Yesterday was the first time this year that it was comfortably warm enough, early enough, that I took my coffee to the deck. However. . .I couldn't relax. The morning was beautiful, the air was calm, the birds were busily twittering, but I couldn't settle down and enjoy it. I was restless because another simple pleasure was calling me.

Some of last summer's flowers.
The day before, my daughter and I had gone flower shopping. I had spent my Mother's Day gift of flower money and then some on flowers for my deck pots. All those baby petunias, geraniums, and others were sitting there waiting for their summer homes. Although it is earlier than I usually risk setting out the tender plants, the long range weather forecast sees no possible frost for the next two weeks, which takes us to June.

So I decided I just couldn't wait. Those empty pots needed filled! I abandoned my coffee, got out the fertilizer, gardening gloves, watering pot, and the big old spoon that I use instead of a trowel. I turned on some music for company and started planting.

I couldn't get all the pots filled yesterday (there are more than thirty). I can't take much direct sun, so had to stop when the sun reached high enough to erase the shade from the deck. I'll plant more today. Then, I'll be able to enjoy that morning coffee on the deck surrounded by flowers. A sweet simple pleasure.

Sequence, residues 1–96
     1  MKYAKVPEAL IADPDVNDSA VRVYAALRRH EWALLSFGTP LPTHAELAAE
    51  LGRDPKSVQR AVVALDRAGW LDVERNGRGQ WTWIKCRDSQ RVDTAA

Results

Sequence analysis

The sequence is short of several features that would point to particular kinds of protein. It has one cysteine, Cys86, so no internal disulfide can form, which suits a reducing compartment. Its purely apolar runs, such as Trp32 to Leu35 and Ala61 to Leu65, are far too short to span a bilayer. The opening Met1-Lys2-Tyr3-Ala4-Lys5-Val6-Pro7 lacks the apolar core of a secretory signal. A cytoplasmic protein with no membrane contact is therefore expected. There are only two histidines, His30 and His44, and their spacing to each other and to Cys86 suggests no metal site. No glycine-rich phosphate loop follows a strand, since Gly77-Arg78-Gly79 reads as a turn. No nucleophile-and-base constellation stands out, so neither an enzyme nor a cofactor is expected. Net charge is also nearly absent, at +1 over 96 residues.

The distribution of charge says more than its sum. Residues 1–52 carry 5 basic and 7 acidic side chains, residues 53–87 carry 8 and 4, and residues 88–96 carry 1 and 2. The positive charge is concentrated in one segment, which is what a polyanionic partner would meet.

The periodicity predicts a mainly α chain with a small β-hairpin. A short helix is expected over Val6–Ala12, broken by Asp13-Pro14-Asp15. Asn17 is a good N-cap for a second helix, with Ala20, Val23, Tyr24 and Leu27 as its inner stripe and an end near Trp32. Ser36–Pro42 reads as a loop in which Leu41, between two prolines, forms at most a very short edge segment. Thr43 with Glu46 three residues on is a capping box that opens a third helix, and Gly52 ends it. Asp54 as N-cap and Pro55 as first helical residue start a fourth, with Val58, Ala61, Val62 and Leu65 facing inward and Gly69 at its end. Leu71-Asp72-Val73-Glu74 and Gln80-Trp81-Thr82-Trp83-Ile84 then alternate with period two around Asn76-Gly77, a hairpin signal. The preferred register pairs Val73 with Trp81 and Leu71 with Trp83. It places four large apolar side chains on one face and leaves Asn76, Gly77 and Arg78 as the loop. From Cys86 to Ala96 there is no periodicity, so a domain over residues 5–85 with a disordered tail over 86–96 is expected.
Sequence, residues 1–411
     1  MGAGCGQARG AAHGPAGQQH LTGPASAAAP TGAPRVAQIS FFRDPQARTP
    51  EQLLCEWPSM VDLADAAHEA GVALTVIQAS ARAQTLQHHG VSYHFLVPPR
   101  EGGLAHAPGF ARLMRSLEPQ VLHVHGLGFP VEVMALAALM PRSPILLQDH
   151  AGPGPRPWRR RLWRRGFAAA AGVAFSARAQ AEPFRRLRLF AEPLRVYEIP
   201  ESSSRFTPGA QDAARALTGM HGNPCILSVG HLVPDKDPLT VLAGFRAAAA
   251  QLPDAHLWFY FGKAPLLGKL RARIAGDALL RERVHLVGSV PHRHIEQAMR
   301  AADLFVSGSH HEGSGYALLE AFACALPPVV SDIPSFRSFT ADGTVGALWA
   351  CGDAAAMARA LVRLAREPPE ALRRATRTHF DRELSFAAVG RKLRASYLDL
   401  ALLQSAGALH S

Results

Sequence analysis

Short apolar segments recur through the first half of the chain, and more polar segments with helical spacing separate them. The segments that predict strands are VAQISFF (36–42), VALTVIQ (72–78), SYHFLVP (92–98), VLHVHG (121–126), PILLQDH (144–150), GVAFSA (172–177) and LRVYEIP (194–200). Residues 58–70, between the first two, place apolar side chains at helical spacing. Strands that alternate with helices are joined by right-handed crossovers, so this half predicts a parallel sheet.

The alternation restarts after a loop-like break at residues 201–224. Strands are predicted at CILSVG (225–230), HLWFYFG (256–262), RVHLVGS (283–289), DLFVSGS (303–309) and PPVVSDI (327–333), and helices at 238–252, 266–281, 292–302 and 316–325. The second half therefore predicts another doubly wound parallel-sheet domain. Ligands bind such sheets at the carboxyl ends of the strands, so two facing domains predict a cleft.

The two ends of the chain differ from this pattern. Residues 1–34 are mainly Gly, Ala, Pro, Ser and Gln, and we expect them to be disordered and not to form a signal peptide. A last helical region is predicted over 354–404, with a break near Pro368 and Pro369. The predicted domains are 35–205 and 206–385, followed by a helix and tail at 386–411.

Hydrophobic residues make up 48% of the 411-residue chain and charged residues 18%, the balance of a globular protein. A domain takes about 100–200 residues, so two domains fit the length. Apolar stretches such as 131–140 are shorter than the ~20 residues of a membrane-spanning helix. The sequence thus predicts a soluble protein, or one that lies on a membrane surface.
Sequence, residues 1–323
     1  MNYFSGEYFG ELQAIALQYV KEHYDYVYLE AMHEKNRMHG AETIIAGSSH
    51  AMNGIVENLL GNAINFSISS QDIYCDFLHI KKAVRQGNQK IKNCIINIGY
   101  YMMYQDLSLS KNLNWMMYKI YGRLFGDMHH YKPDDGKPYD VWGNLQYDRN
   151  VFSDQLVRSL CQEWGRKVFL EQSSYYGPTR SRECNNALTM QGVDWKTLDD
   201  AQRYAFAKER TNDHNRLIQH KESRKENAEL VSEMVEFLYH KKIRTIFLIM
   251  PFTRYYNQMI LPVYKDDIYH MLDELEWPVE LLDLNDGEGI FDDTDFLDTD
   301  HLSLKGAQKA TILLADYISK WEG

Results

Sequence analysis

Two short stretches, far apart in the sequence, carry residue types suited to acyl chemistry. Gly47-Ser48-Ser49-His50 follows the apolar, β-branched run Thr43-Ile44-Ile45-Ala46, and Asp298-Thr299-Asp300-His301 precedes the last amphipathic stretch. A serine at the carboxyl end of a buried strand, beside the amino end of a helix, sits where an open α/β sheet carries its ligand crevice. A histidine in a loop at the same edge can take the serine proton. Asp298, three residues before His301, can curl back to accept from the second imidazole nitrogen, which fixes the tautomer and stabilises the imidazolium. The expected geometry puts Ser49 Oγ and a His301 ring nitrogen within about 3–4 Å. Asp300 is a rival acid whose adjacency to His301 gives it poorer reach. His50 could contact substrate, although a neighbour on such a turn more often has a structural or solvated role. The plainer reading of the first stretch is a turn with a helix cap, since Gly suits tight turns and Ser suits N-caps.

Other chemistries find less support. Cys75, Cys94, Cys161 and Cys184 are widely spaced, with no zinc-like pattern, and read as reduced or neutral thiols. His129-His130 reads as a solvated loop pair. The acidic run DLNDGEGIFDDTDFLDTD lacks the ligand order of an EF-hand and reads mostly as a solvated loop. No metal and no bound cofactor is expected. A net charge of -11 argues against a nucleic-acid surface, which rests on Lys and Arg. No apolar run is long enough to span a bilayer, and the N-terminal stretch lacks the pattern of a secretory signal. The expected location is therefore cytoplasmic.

Monday, May 14, 2012

Jerry's Birthday

Today is the 65th birthday of my husband, Jerry. Jerry celebrates in heaven now, but this day remains special to me because it is a reminder of the life of a very good man.

Jerry's birthday falls very close to Mother's Day; in fact, when his birthday falls on a Sunday, it is Mother's Day. Even when his birthday and Mother's Day coincided, Jerry always seemed to put the priority on Mother's Day. Every Mother's Day he bought corsages for the mothers in his family. That meant me, my mother, and our daughter when she became a mother. He would send some money to his sisters to buy a corsage for his mother, since she lived several hundred miles from us. He would make Sunday dinner for us, which usually meant spaghetti and hot bread. We never had much money, but money is not necessary to make the people you love feel special.

Today, in memory of his birthday, I'm including one of my favorite photos of Jerry. Some might think this a strange favorite, for he is obviously quite dirty and grungy. That is why it is so dear to me. It tells a lot about the kind of man he was.

This photo was taken on his 57th birthday, which turned out to be his last birthday, so there is a touch of sadness to it. But mostly I enjoy looking at it. That birthday was spent hard at work for a landscaping company that was doing the grounds of a new apartment complex. It was hard, dirty work. At the end of the day there was a pickup load of sod left over that would soon be dead if not used. The job foreman gave it to Jerry; we had a new house with an unfinished yard. So, after working hard all day, Jerry and Chad, our dear son-in-law, spent the evening until well after dark laying sod in our yard. They did pause long enough to eat some supper, but saved the birthday cake and ice cream until after the sod was all down and watered in.

The job finished, they came in and we lit the candles on the cake. Just then the telephone rang. It was Jerry's sister Jean, calling from Colorado to wish him a happy birthday. You can see from his big smile how much he enjoyed talking with her!